Why I Only Fly the Major Airlines

For many years I was flying between sixty and one hundred twenty segments per year. A segment is simply one leg of a flight. A round trip ticket with no connections, is two segments. That earned me either top tier status or second tier status on American Airlines. AA has been my airline of choice for close to twenty-five years. There have certainly been times when I was upset with one thing or another, but overall American Airlines has always done its best to keep me coming back as a satisfied customer. I have also been a frequent flyer on Delta and Air Canada. I have flown over a million miles and taken well over one thousand flights. So, I definitely speak from experience when it comes to flying and traveling in general. There are essentially five main reasons, for staying away from the bargain airlines.

First, the experience is often sub-par and there is little recourse. Just recently, Frontier Airlines and now Spirit Airlines, have eliminated their customer service phone lines, opting instead for online chatbots. It removes an important connection between you and the carrier. This is particularly important while you’re flying. Booking flights online should be the chosen method but after that, it’s always preferable to be able to speak to a human being. It’s one of the most important reasons for paying for the American Express Platinum Card. Several times while being stranded at airports due to Snowstorms, I’ve been able to rely on Amex to book a room for me, when supposedly, all of the rooms were already booked.

Second, it’s become evident that most of the recent passenger confrontations, but not all of course, have occurred on both of these carriers. I don’t include Southwest Airlines because despite the fact it’s also an off priced carrier, the airline does it’s best to keep its customers happy. They truly attempt to provide a great experience, while keeping prices affordable. The airline does that by first and foremost, not assigning seats. You line up and board based on the ticket you booked. You pay extra for priority boarding which many people who fly often prefer so they can have access to the overhead compartments. Anyone who flies regularly has seen that poor soul, who boarded last, wandering around the plane looking for a place to put their carry-on luggage, only to roll it forward and have it placed underneath the aircraft.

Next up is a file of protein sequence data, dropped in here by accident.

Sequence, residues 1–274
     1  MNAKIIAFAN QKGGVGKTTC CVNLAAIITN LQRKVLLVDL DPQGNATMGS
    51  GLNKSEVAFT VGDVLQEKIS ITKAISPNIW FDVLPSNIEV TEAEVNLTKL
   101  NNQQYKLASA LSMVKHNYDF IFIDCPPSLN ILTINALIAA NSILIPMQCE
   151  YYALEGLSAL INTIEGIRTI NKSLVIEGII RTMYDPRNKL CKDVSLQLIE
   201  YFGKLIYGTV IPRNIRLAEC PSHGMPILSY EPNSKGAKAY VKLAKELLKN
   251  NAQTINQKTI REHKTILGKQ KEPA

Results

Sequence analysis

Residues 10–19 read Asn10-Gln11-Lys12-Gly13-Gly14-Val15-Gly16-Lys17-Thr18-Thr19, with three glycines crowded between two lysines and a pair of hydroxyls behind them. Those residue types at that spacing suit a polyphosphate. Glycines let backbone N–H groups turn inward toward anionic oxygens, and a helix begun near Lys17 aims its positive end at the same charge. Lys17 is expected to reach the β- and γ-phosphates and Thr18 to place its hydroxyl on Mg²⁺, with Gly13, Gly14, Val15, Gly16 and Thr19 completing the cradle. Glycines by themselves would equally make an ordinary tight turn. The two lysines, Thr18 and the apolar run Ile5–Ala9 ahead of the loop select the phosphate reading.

Third, the major airlines have more planes and more flights, thereby making it more likely that you will reach your destination when there are delays in air travel. There are many reasons for delays including weather and problems with the equipment. If you fly on a smaller, bargain carrier with fewer planes, you’re likely to face longer delays or perhaps even forced into overnight stays. When flying the major airlines, particularly in their hubs, they are far more likely to have replacement equipment should it become necessary. This is particularly important when you fly regularly.

Fourth, the major carriers fly into the major airports. For some, that may not seem like an advantage. Flying into Atlanta, O’Hare or LAX can be very hectic and disconcerting, particularly for those unfamiliar with these airports. However, you are less likely to face cancellations when landing at the major airports because they have more landing and takeoff slots so even if there are delays, the chances of taking off or landing are better than at smaller airports. Furthermore, the bargain carriers often fly into a cities’ second tier airports. For example, Southwest flies into Midway in Chicago, not O’Hare. Midway, while a nice small airport, isn’t located in the greatest area and O’Hare is more convenient to the city and points north.

Fifth, I once had a long discussion with a Captain while experiencing a flight delay and he explained to me why I should never fly the off priced airlines. His reasoning: cheaper flights mean cheaper costs, including lower salaries. That means maintenance workers are paid less. It means lower salaries for Captains, First Officers and cabin crews, which equates to less experience, and even dissatisfaction. Like any job or profession, the more experience you have, the higher the salary you’re paid. It’s just common sense. Many of the small regional aircraft have very young crews flying those planes and that’s always been a concern. With experience comes knowledge. Talent and hard work will never replace experience. The only way to become an expert at any endeavor, is by putting in the time.

Any pilot with the minimum number of required flight hours can fly from JFK to O’Hare (ORD) on a sunny day. But what happens in an emergency? For example, the loss of an engine due to a bird strike or serious weather, (thunderstorms or snow?) Who do you want flying the plane in that situation? You want the person with the most experience, the person who has the most knowledge of that situation and the greatest number of hours on that aircraft. That is not to say that flying off priced carriers isn’t safe, but I prefer flying with experience. Let’s face it, at the end of the day, when your Captain says, “I think we’re going to end up in the Hudson, you want Captain Chesley Sullenberger at the helm.

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